Xin Pel Xu drove up in a big car along with another Chinese man and a Christian Pakistani man who acted as interpreter. Xin Pel Xu remained gentle with Rita throughout the meeting and she took the opportunity to question Kiran Baji about him extensively. Was he really ready to look after her and her children? “Yes, he has no problem with this, Xin Pel Xu is a kind man” Kiran Baji replied.
Rita was told that soon after the wedding she will be taught Chinese and then her visa process will begin, and it was agreed the wedding would be paid for by him along with all their expenses. He promised them a good future. Rita’s parents thought they had made amends for their mistake of choosing her first husband, Yousaf, with the choice of Xin Pel Xu as the second by securing not only their daughters future but that of her four children too.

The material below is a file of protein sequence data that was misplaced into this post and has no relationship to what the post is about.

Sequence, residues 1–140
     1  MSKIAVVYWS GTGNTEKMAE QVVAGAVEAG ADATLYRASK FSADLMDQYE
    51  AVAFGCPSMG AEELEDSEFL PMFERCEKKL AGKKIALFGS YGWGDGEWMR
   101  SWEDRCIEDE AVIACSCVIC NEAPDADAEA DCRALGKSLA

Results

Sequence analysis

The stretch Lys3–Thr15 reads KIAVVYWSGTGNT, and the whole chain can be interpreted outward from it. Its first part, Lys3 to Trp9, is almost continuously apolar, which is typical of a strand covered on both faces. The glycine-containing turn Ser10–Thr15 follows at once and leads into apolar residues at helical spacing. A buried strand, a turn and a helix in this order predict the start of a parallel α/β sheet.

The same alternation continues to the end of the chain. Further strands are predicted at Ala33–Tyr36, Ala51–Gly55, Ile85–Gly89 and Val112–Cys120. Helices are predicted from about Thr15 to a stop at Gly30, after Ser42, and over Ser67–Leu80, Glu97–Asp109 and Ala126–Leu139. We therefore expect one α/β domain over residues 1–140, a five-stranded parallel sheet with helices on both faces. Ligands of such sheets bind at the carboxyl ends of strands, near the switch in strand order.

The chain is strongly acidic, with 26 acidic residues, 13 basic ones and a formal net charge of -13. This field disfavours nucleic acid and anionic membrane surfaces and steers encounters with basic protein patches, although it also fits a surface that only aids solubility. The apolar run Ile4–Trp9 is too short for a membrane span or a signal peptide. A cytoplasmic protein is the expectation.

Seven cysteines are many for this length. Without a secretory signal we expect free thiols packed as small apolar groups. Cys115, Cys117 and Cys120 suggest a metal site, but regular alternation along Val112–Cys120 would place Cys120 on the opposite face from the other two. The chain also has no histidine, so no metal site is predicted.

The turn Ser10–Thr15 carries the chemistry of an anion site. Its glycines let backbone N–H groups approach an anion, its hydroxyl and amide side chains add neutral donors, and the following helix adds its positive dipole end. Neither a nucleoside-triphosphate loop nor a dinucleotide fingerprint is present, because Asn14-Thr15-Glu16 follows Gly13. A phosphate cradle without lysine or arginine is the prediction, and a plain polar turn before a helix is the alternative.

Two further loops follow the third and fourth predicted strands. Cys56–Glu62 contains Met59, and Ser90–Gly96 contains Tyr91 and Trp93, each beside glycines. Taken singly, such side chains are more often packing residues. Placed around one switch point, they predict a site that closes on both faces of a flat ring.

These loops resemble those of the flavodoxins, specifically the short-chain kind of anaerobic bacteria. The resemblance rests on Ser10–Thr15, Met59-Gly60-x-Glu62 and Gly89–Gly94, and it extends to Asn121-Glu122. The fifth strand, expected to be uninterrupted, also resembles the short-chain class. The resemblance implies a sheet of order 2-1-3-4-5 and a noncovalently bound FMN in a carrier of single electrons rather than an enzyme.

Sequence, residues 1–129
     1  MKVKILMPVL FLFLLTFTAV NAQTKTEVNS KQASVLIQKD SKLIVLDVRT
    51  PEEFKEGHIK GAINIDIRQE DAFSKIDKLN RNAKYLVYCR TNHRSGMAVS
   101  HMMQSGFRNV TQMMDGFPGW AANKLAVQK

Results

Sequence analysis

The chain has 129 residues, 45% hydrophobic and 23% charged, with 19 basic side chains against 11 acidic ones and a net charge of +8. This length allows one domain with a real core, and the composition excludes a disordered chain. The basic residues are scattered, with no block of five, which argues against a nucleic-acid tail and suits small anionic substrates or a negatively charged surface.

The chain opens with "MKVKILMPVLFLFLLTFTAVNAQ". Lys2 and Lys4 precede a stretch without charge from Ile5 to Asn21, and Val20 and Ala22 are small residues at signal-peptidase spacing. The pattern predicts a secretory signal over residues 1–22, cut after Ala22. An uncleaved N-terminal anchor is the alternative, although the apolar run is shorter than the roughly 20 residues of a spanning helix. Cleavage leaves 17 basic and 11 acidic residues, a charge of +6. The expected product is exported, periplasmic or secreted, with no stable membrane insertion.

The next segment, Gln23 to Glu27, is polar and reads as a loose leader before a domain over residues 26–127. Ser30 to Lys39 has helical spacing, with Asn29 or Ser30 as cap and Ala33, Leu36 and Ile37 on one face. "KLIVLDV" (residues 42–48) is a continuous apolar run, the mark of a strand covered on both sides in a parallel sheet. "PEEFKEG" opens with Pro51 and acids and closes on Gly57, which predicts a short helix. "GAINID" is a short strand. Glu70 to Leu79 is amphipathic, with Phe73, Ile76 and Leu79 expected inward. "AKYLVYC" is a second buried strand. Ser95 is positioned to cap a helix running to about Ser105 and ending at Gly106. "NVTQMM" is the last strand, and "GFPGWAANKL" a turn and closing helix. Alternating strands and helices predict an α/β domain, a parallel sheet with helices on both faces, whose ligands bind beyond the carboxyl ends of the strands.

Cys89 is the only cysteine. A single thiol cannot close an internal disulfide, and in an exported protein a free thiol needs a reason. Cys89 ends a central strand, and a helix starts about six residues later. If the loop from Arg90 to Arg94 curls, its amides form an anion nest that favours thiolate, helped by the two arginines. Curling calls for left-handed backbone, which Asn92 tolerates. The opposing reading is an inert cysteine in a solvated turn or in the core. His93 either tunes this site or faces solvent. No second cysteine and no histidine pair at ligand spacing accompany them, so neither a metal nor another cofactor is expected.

[Marriages between Pak-Christian women to Pak-Christian men abroad are very common often because of the desire for Pakistani Christian parents in the west to retain their culture and heritage and the stricter adherence to older customs by migrants to the UK. In fact a larger percentage of Pak-Christians in the UK undertake arranged marriages than those in the homeland who are increasingly moving towards 'love marriages.' Arranged marriages between Pak-Christian women and men of non-Asian descent are not unheard of and many of them have proven to be very fruitful - BPCA is aware of several mixed-race marriages of this type in the UK.]
So, on the 2 January 2019, Rita married Xin Pel Xu at her parents’ home with only her immediate family members in attendance along with a Chinese friend of Xin Pel Xu, the Pakistani translator and Kiran Baji. The Christian wedding was conducted by a Pastor friend of the translator. Soon after the wedding Rita and her children were taken to a large 4-5 bedroom house in Multan Chongi, a house, shared with 6 other Chinese men and their Pakistani wives.